Corn seed was placed in the box of the hand corn planter. The tip of the planter was pushed into the ground. The handles were opened and closed, dropping a few seeds into the ground.
Some horse-drawn planters were operated by two workers—one who drove the horses and an extra helper who pulled the seed planting handle as the machine came to each cross. A paddle behind the seed planter pushed dirt over the seed, then the wheel rolled over, patting the dirt firmly down.
The horse drawn machines were a welcome addition to the farm. After years of walking along behind plows, bending over to hoe weeds, and working through a field on foot during harvest, farmers welcomed a chance to "farm sitting down."
Harvesting Corn by Hand
Hand husking (picking) corn was slow, difficult work. As each ear was picked it was tossed into the wagon. The high board on one side is called a bang board. It acted much like the basketball backboard. The farmer tossed the ear of corn, it hit the board and dropped into the wagon.
Sometimes farmers harvested the whole corn plant at once. Corn stalks are heavy, and setting them up in a shock was back-breaking work. A machine to cut down and tie corn stalks into bundles helped make the harvesting of corn faster and easier. But the bundles still had to be lifted, stacked and tied into shocks.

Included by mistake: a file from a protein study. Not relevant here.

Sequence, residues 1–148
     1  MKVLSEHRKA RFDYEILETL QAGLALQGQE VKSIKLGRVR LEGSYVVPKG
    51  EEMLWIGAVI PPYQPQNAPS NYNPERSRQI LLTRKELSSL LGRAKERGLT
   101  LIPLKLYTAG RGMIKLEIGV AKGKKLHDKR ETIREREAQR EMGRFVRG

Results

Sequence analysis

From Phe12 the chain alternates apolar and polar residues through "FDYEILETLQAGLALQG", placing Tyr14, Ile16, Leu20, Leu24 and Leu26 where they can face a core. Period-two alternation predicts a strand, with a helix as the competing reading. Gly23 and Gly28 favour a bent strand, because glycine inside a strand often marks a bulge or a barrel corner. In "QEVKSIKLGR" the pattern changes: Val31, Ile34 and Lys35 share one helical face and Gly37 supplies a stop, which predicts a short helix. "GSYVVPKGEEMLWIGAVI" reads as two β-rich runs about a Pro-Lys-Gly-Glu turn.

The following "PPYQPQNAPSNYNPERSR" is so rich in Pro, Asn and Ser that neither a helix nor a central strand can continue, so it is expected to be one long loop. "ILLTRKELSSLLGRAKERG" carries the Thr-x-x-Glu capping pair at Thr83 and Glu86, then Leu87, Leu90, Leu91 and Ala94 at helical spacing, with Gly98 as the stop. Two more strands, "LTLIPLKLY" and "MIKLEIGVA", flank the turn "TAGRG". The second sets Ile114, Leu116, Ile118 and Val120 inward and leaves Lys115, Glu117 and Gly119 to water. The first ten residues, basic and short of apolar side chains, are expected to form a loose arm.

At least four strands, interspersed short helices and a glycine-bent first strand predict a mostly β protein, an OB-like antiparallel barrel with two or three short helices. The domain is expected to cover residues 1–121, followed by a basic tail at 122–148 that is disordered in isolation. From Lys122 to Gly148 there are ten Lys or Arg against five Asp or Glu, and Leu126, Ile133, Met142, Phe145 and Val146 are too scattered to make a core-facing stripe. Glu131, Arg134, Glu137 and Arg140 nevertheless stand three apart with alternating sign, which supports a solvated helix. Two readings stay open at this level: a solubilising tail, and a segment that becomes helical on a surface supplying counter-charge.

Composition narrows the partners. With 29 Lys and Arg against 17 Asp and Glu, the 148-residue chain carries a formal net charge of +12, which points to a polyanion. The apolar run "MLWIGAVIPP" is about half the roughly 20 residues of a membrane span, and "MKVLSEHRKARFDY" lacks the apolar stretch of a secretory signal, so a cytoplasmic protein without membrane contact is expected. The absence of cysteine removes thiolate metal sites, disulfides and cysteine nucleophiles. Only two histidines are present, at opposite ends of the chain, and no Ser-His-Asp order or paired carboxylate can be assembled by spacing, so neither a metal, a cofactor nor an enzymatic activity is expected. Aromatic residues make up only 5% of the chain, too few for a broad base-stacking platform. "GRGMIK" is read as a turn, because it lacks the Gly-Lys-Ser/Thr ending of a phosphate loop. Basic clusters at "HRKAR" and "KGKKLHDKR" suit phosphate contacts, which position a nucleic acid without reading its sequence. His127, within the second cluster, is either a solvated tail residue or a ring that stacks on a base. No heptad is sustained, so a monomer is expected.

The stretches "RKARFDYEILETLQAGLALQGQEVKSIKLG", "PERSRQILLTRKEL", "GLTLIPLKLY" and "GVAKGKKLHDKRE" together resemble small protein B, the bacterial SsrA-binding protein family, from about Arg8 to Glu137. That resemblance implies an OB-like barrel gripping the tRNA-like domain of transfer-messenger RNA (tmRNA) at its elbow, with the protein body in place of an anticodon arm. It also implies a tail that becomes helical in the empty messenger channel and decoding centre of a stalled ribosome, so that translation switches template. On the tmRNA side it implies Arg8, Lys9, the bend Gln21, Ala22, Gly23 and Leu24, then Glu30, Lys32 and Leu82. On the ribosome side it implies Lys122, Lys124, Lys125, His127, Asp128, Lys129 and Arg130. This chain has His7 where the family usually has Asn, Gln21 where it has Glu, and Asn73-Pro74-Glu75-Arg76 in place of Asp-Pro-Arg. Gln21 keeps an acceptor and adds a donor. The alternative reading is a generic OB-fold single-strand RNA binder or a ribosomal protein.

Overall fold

Grain Harvest—Hard Work
Early Iowa farmers grew several small grain crops like wheat and oats. Wheat was made into flour and then into bread. Oats were fed to livestock. Before machinery, grain harvest took a lot of work for the whole family.
The grain harvest was hard work. When the grain had ripened on the stalk, it was cut with a cradle. At the bottom of the cradle was a scythe that sliced through the stalks close to the ground. The cradle of wooden rods caught up the loose stalks as the farmer swung the cradle around, and the stalks fell to the ground in neat rows. A helper then tied the stalks into bundles and set them into shocks to dry.
The bundles were then spread out on the ground or the barn floor on a large sheet of canvas. Farmers beat the stalks with flails, short wooden sticks tied onto a longer pole by a leather thong. Flailing knocked the grain loose from the stalks. The stalks went gathered up and saved as straw. The kernels of grain left on the canvas were put in a winnowing tray. They were tossed in the air several times so that the wind could blow away this husks and chaff that covered the kernels and small pieces of straw mixed in. The process was call winnowing. Only after all these steps did the farmer have clean oats or wheat.